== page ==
Editor’s note: Analysis: Last week at EMC World, the tech giant disclosed much more than plans for the company post-merger with privately held Dell when chairman Michael Dell renames the combined company Dell Technologies. EMC, which has a big presence in the research Triangle area with manufacturing, data center and R&D centers, is hardly disappearing with new products and services coming, note a team of analysts from Technology Business Research. TBR contributors to this multi-part report include: Christian Perry, Geoff Woollacott, Krista Macomber and Andrew Smith.

HAMPTON, N.H. – Amid extensive IT disruption fueled by the ongoing customer desire to transform IT ecosystems and accelerate business initiatives, EMC rests on a critical pivot point that determines its role as a next-generation leader.

But through an umbrella theme of “modernize” at EMC World 2016, the storage giant showcased innovation destined to push the company directly into leadership status across a number of modern technology realms. EMC is responding to the accelerating transition of IT from a cost center to an enabler of business advantage, with a steady shift in its innovation model toward flash technologies, abstracted and increasingly open software functionality, and “as a Service” IT delivery.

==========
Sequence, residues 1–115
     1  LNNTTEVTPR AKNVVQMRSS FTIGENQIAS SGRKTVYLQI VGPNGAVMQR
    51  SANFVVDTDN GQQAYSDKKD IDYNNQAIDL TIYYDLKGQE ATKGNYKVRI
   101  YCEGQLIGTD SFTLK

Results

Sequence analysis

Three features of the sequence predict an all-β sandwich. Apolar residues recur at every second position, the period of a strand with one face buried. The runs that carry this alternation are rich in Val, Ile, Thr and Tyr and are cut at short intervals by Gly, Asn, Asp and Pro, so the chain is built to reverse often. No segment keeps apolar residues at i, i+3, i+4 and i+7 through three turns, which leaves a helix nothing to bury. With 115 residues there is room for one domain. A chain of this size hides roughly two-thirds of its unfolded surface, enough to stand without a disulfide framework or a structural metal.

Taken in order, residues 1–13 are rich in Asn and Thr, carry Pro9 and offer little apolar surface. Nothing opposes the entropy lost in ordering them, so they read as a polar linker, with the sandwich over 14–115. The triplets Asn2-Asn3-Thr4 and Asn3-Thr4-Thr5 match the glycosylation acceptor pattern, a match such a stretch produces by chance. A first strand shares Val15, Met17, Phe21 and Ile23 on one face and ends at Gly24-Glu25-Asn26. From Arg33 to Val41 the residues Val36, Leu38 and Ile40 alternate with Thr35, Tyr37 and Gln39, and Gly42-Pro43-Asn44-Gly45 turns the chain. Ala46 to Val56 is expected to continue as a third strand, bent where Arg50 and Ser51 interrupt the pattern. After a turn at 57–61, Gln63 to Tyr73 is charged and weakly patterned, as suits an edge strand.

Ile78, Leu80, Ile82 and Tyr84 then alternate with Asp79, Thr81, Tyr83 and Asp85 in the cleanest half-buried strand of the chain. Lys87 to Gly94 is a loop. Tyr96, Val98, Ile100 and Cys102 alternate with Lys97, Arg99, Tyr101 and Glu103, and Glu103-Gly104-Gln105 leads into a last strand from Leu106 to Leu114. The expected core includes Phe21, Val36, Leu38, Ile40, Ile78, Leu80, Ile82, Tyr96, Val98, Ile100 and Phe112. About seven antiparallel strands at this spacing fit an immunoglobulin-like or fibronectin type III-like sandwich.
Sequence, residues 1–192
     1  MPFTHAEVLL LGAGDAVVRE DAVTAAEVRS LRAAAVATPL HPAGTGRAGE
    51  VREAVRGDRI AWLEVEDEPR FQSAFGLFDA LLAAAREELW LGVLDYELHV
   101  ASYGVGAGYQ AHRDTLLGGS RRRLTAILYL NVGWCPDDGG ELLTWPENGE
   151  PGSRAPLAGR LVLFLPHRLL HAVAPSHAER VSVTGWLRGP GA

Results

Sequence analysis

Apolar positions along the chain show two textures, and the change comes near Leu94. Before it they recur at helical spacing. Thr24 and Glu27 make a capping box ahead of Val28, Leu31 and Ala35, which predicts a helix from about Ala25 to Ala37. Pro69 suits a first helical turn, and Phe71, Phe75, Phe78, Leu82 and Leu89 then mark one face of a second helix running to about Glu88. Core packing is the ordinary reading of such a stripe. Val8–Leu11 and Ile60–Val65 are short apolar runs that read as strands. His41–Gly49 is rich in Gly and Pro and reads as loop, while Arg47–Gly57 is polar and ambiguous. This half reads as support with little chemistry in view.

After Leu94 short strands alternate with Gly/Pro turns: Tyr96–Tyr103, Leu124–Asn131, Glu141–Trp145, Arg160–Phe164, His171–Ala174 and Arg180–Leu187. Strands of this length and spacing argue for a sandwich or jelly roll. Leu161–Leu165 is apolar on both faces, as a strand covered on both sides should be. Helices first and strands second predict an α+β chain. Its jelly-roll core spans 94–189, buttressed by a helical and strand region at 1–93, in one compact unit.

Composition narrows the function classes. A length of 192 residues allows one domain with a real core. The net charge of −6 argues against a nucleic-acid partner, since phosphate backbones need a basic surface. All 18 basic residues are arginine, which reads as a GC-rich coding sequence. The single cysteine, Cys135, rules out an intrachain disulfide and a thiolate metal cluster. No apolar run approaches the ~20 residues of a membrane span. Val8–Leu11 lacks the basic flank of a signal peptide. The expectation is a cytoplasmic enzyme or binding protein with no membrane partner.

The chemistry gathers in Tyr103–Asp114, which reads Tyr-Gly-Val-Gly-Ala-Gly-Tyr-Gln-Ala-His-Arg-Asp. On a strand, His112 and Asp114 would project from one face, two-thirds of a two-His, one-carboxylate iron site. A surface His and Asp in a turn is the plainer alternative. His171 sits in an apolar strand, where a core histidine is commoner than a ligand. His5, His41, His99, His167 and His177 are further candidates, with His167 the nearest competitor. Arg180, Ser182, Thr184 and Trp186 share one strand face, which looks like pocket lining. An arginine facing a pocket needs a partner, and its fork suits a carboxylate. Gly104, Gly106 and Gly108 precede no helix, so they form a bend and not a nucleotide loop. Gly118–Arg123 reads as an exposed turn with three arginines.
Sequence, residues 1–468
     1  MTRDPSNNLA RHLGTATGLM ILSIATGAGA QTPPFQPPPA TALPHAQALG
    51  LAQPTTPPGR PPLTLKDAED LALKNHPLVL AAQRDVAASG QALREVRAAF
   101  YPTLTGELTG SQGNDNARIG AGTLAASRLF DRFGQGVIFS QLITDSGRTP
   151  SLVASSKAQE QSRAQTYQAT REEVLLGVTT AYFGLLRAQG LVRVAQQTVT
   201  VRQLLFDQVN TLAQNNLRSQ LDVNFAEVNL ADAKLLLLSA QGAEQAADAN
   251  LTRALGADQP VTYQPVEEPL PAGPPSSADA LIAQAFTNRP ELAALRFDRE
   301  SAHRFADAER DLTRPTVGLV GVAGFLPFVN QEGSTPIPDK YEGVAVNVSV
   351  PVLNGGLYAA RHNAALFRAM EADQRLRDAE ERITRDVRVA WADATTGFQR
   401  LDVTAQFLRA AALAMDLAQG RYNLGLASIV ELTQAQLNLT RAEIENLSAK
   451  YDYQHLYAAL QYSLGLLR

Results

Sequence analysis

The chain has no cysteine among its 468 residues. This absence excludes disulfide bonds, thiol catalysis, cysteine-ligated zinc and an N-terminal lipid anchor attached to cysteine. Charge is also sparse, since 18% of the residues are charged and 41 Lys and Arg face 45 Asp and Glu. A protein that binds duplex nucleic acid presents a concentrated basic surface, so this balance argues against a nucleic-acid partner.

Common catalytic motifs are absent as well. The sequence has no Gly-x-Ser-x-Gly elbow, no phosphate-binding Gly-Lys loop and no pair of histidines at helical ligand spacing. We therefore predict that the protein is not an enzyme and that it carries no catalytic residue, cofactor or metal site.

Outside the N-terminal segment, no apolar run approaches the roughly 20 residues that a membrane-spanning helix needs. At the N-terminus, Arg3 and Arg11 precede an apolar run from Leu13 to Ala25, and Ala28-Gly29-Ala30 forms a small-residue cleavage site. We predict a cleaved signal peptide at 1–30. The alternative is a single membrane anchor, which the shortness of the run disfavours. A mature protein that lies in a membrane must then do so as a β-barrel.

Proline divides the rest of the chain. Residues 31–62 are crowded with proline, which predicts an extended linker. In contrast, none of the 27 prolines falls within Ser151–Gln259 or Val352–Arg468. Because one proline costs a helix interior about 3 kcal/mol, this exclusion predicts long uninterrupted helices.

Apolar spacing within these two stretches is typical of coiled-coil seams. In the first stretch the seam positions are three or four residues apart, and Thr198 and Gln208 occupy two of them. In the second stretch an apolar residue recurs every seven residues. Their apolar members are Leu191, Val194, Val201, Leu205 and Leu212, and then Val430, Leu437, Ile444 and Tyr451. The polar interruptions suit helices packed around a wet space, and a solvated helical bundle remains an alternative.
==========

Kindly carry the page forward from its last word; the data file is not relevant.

More notably, EMC is preparing to diverge from its hallmark horizontal business model through its agreement to be acquired by Dell — an industry landmark both in its $67 valuation and the implications of creating a combined $80 billion behemoth. EMC World 2016 served as a ceremonial, unofficial passing of leadership from EMC CEO Joe Tucci to Dell CEO Michael Dell, marked particularly by planned branding of the combined organization as Dell Technologies.

EMC executives touted continued innovation, with all major aspects of the company’s storage portfolio refreshed to date in 2016, and messaged the potential inherent in combining Dell’s scale and vast midmarket entrenchment with EMC’s large enterprise cachet. Such messaging is crucial as EMC navigates a degree of customer and partner uncertainty as the deal moves toward finalization, expected in 2H16.